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Eelgrass Restoration in Morro Bay Spring 2017

Eelgrass isopod (Idotea resecata).

    Greetings, readers! This is Catie, the Morro Bay National Estuary Program’s Communications and Outreach Intern. I had the privilege of participating in the Estuary Program’s most recent small-scale experimental eelgrass restoration effort. We want to fill you in on the process here. Eelgrass (Zostera marina) plays a number of important roles in the function and health of the Morro Bay ecosystem.   Its long blades form an underwater forest, which provides a diverse crowd of creatures a place to rest, find food, and spawn. These are some of the creatures that we found during the replanting effort: The …

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Field Updates February 2017

Carolyn does a test planting using bamboo garden stakes as an anchor and twine to mimic eelgrass.

Fulfilling our mission to protect and restore the Morro Bay estuary for people and animals requires a lot of hard work in the field. Read on to see what our staff and volunteers have been up to during the month of February. Sediment monitoring February was a quieter month for sediment monitoring, compared to January. We monitored two storms on Walters Creek in February, and we spent plenty of time processing sample bottles at our lab at Cuesta College, trying to empty them for future rounds of monitoring. Karissa went out with Catie, our Communications and Outreach Intern, to pick up bottles from …

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December Field Updates, 2016

This horn shark hid in the eelgrass bed at State Park Marina as the tide receded. Horn sharks aren’t known for their speed and graceful swimming. Rather, they move slowly and like to hide among crevices in rocks, in kelp, and in eelgrass beds like this one was doing.

Fulfilling our mission to protect and restore the Morro Bay estuary for people and animals requires a lot of hard work in the field. Read on to see what our staff and volunteers have been up to during the month of December. Eelgrass Monitoring In 2005, with help from the Battelle Marine Sciences staff, we established four permanent transects for annual eelgrass monitoring in Morro Bay. These transects were chosen to represent different zones of the bay and capture differences between these zones. We added an additional transect in 2012. In December, we monitored two of these transects along with our other surveys. …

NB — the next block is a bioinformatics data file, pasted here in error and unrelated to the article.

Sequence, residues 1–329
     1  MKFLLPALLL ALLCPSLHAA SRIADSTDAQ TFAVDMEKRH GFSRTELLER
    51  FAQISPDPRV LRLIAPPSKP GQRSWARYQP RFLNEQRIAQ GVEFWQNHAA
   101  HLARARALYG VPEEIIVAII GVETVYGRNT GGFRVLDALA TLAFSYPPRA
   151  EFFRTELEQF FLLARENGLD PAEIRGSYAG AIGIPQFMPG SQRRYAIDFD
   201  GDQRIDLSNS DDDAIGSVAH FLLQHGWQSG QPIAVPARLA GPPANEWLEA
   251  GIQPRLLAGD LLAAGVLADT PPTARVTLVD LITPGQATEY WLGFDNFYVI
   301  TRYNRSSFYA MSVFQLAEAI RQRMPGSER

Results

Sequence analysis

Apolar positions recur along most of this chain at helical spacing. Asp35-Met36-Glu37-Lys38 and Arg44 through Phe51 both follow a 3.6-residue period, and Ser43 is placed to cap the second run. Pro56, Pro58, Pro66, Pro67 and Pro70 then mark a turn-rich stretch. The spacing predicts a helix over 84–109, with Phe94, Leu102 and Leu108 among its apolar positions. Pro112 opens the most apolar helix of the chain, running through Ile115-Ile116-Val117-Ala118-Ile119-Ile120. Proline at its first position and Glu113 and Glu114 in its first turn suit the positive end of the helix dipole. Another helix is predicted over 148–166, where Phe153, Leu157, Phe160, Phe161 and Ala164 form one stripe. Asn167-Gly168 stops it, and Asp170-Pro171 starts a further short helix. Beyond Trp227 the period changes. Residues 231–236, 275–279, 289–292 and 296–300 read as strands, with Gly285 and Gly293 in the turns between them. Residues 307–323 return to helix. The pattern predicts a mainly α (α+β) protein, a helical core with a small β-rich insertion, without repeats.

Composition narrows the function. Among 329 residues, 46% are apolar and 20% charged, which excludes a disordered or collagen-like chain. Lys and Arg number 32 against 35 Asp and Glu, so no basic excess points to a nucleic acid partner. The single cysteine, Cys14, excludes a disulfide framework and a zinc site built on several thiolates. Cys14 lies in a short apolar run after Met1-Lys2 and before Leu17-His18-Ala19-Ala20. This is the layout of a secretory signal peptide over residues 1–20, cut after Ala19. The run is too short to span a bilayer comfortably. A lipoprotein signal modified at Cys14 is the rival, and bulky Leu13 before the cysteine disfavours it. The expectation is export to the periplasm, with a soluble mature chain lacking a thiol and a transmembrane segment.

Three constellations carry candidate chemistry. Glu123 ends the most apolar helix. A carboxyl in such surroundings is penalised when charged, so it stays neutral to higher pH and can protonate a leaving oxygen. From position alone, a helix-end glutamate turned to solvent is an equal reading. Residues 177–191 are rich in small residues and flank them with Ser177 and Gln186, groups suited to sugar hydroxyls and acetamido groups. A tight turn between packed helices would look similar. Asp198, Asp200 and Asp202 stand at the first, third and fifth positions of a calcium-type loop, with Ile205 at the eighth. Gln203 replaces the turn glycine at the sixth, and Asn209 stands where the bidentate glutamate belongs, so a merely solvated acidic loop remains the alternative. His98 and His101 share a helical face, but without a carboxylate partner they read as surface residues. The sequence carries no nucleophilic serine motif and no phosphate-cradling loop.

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November Field Updates, 2016

Karissa with fins

Fulfilling our mission to protect and restore the Morro Bay estuary for people and wildlife requires a lot of hard work in the field. Read on to see what our staff and volunteers have been up to during the month of November.   Eelgrass Monitoring November was a busy month of eelgrass fieldwork for the monitoring staff. We continued monitoring the eelgrass restoration bed near Coleman beach and also took advantage of the great negative tides to conduct bed condition monitoring. These negative tides are great for fieldwork because of how much of the intertidal zone (the area that is exposed at a …

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October Field Updates, 2016

Here, Shane places the quadrat at meter 75 of our 150-meter transect.

Fulfilling our mission to protect and restore the Morro Bay estuary for people and animals requires a lot of hard work in the field. Read on to see what our staff and volunteers have been up to during the month of October.   Fish trawl study We started off the month by helping Cal Poly Professor and California Sea Grant Extension Specialist Dr. Jennifer O’Leary conduct fish trawls in Morro Bay. In 2007, seven different sites around Morro Bay were trawled to catalog what species were present. Now, after the decline of eelgrass beds in the bay, the same sites are being trawled again …